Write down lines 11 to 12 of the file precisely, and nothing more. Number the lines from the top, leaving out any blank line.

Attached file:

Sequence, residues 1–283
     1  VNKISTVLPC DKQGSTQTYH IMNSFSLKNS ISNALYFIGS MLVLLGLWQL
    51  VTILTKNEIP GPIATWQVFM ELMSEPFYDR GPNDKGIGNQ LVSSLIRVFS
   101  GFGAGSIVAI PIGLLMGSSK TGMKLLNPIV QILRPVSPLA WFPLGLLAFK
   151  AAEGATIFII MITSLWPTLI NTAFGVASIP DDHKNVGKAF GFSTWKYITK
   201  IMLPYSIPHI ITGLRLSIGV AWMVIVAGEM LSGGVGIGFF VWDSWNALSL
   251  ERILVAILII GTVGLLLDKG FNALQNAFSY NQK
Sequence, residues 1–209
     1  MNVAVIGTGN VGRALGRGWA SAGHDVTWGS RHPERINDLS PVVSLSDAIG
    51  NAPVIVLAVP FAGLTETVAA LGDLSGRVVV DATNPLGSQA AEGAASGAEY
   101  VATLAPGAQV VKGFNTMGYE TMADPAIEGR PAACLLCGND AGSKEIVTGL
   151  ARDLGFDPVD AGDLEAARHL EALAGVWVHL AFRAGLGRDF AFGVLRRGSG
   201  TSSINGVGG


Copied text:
   101  VATLAPGAQV VKGFNTMGYE TMADPAIEGR PAACLLCGND AGSKEIVTGL
   151  ARDLGFDPVD AGDLEAARHL EALAGVWVHL AFRAGLGRDF AFGVLRRGSG